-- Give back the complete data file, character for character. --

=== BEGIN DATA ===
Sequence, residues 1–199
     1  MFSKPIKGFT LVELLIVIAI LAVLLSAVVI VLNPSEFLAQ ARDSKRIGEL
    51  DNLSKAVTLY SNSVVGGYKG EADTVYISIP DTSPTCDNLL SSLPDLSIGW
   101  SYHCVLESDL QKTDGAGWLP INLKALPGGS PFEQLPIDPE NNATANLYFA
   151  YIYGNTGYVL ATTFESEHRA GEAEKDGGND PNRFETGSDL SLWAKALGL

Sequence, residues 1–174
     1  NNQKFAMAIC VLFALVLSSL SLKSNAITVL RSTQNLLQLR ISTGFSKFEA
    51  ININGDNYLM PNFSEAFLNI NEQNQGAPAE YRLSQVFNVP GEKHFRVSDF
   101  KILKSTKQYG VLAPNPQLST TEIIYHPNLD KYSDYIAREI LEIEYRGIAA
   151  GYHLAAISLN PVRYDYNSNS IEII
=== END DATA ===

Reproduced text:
Sequence, residues 1–199
     1  MFSKPIKGFT LVELLIVIAI LAVLLSAVVI VLNPSEFLAQ ARDSKRIGEL
    51  DNLSKAVTLY SNSVVGGYKG EADTVYISIP DTSPTCDNLL SSLPDLSIGW
   101  SYHCVLESDL QKTDGAGWLP INLKALPGGS PFEQLPIDPE NNATANLYFA
   151  YIYGNTGYVL ATTFESEHRA GEAEKDGGND PNRFETGSDL SLWAKALGL

Sequence, residues 1–174
     1  NNQKFAMAIC VLFALVLSSL SLKSNAITVL RSTQNLLQLR ISTGFSKFEA
    51  ININGDNYLM PNFSEAFLNI NEQNQGAPAE YRLSQVFNVP GEKHFRVSDF
   101  KILKSTKQYG VLAPNPQLST TEIIYHPNLD KYSDYIAREI LEIEYRGIAA
   151  GYHLAAISLN PVRYDYNSNS IEII